Skin is a border that feels; it is open to other bodies, interacting and taking on different shapes. It is in this opening to others through inter-embodiment that touch differentiates bodies requiring us to examine the boundary not as a division but as the very location, a threshold that produces bodies and knowledges.
– Stephanie Springgay, 2008
Thinking with feminist post-structural authors such as Stephanie Springgay (2008) and Sara Ahmed (2000), this post shares an assemblage of words, images and poetry that emerged between intra-acting bodies – human and non-human – in a shanti-school in Goa, India. Pulling apart materials – tearing dried leaves of coconut trees, oozing flesh of plump seeds – the children expressed their curiosities about “what skin can do.”
As liquid glue dried over our skin – a capsule of bark, leaves and the inveterate red dust of India – we became with an event. Not a lesson to be understood or product to gain, but an experience to be questioned – to be felt.
Cheeks – gaal – arms
open – this is not open, inside is flesh
Red – our colours – scars, moles, sun – hair
“lots of skin – all over bodies”
Layered over the primary classroom’s tile floor is a plethora of jungle matter – pieces of dried up leaves, twigs, shells, seeds, bark, and other shrubbery that was pulled up and left under a walking bridge in my local village. Setting up bowls of liquid glue – “gum” – the oozing in-between which shapes our work. As the sounds of local traffic, scooter horns and screeching pigs, pick up with the morning sun, I hear the rickety sounds of the school buses arriving out front. After a few moments, a hum of little footsteps and children’s chatter reverberates through the courtyard. Beginning with a small group of rambunctious first year students, children in blue, pressed uniforms spill into the classroom, climbing over one another as they hang up book bags before hovering over the spread of “rubbish.” Their moving bodies remind me of an army of ants dancing over each other in an intricate push for the lead. Settling like jigsaw pieces around the display of materials, some stare blankly – others giggle over the absurdity of waste inside the formalized structure that is their school. Thinking about how close their bodies move in the group and my own western-adaptation to this sort of proximity and touch, I begin our session with a set of questions. First in English and then in Hindi, I ask the children open-ended questions which I hope may create movement and new conditions of thought before they explore with the materials.
त्वचा क्या है
Tvacha kya hai
What is skin?
त्वचा क्या कर सकते हैं?
Tvacha kya kar sakate hain
What can skin do?
Silence. The children look at me blankly, seemingly unsure of what it is that I am asking. Though an instinct rises to fill the space with clarification, I choose to sit in the quiet. To offer silence is to renegotiate the ordinary with a quivering in the stability of category or trajectory, a momentary stutter – “a suspension of the narrative” – an unfolding into space (Stewart, 2007, p. 19). Paying attention here, there is a lull in the action. Eyes wander over the materials, up to me, and to each other. I wonder about what disequilibrium may make possible. One boy questions, “What do you want us to make?” Another appears confused, “What is this craft?” I ask the question again, “What can skin do?” but this time I explain, “There is no right answer, I want to hear any idea you have – from your imagination.” Their stares linger for a few moments and after a short silence, hands begin to rise and the gentle sounds of curious voices bubble into a dialogue.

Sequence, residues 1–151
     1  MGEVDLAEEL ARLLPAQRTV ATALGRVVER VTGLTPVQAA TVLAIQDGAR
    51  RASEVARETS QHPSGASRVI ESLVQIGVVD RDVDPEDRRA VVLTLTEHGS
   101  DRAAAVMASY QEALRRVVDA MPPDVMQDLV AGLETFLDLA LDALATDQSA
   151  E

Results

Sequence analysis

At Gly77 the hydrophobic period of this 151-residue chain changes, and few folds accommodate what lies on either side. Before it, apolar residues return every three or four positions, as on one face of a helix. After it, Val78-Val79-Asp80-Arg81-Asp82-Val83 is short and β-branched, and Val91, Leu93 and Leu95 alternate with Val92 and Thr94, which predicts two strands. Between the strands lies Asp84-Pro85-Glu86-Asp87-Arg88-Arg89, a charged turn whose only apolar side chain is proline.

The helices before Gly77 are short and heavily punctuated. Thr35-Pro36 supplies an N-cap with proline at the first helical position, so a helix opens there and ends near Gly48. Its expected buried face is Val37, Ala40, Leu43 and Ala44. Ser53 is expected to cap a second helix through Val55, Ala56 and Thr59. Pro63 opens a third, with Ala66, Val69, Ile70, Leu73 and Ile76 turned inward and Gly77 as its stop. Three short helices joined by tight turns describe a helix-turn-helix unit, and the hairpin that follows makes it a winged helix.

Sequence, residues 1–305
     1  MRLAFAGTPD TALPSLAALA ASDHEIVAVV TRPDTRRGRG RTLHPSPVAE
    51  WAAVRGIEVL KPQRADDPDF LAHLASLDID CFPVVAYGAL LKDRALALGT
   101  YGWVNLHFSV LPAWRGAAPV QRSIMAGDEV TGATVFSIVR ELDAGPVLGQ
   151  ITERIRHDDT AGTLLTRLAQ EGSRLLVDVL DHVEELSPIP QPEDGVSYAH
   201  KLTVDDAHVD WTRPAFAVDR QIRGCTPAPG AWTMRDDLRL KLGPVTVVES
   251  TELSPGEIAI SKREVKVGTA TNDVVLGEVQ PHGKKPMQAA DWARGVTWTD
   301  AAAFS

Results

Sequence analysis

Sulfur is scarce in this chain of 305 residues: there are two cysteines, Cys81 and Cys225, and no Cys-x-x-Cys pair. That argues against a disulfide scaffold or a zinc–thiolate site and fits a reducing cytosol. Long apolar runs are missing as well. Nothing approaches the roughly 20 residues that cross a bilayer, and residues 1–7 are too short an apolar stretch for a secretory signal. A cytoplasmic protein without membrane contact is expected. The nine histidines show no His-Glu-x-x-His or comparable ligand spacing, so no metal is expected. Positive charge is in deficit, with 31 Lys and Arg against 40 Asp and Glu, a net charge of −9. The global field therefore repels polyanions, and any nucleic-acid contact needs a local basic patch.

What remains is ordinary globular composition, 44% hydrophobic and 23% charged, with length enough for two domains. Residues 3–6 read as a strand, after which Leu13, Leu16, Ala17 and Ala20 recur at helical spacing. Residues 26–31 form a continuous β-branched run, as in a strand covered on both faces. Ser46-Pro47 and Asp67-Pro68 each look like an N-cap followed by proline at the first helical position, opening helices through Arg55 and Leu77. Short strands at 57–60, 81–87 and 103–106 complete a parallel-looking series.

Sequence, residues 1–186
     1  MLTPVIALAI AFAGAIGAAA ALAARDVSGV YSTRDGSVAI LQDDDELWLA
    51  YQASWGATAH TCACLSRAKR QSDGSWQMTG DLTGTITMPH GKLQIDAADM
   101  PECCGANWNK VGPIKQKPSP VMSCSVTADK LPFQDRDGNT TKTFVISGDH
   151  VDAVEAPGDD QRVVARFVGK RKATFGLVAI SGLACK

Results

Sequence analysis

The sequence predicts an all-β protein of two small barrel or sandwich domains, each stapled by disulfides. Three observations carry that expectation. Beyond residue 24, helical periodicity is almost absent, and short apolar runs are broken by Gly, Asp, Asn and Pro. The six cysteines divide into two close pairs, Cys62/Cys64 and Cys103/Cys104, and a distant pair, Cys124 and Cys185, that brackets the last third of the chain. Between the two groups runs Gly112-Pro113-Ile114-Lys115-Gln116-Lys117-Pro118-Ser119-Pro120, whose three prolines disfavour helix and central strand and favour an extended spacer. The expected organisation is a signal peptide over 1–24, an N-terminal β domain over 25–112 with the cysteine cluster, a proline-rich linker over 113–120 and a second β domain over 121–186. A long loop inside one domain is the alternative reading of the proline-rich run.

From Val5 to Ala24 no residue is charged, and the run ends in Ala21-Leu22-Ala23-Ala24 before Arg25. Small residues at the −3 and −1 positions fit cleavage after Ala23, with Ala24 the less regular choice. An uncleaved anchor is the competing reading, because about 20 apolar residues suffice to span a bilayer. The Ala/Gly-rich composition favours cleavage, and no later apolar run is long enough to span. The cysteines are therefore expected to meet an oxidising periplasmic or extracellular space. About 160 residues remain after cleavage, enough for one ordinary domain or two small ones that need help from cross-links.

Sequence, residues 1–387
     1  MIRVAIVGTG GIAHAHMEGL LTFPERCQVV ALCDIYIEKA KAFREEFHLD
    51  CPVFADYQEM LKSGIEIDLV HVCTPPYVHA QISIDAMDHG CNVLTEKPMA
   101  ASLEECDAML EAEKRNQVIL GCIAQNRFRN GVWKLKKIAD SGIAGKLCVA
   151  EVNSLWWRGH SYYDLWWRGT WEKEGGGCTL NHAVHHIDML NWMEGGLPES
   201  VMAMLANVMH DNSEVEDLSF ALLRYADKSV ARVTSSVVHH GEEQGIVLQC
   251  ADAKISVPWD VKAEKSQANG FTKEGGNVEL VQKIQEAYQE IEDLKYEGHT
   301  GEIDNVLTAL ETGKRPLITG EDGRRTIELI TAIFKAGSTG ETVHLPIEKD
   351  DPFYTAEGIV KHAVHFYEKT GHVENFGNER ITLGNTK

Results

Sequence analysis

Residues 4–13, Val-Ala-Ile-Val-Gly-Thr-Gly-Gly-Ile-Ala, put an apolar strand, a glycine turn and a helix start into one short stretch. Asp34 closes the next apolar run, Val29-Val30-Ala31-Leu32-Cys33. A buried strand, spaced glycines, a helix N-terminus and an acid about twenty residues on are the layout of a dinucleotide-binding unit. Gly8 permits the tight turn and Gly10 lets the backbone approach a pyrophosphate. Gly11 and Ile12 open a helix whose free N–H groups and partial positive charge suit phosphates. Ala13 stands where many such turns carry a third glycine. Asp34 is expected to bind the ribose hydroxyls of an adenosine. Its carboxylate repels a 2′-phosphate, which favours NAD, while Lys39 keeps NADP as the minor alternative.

Skin can change
Out in the trees
Falling off my arms, it goes away and becomes something else
Inside an animal – or an ant
Breaking the shell
Seeds get squished, their insides come out
Bones, like twine
The branches have tears
I can open it up to see what’s inside
I’ll join it with another, but it doesn’t fit
It goes out
My skin goes out with the jungle
“When two hands touch, there is a sensuality of the flesh, an exchange of warmth, a feeling of pressure, of presence, a proximity of otherness that brings the other nearly as close as oneself. Perhaps closer… So much happens in a touch: an infinity of others – other beings, other spaces, other times – are aroused.”
– Karen Barad, 2012
A child touches my arm, wide-eyed and whispering, he closely examines its colour – “gora.” Another leans against my back, with her delicate arm around my neck she twirls her fingers through strands falling at my shoulders. From inside my belly I notice a sense of discomfort. I am adapting to a new way of knowing bodies – space – and touch. Feeling for the pressure points of forces in relation, my instinct calls to set a boundary. A regulated space to mark the separation of our bodies. At home, I live and teach this.
Inward shoulders and lowered eyes.
Public bodies, arms at their sides within defined capsules.
Here, bodies are shared. Connected through touch, we mingle through streets in a communal sweat. There is no boundary marking a separation of individuals. We move in many directions and appear as one.
My skin touches yours
I feel your molecules with mine
Do I know you?
Have I been here before?
Tracing your lines, a path is trailed through wrinkled folds
Scabs and scars – a canvas of our histories
A still frame image of tiny specs in space
Pulling apart, hovering in time
Close, but barely touching
Distance harbors their electricity
Tiny hairs alive with curiosity
Fluid as the legs of swimming jellyfish
An event is waking in the space between organs
Skin becomes new
A carrier of cells
Recycled – old, new and inbetween
And becoming in difference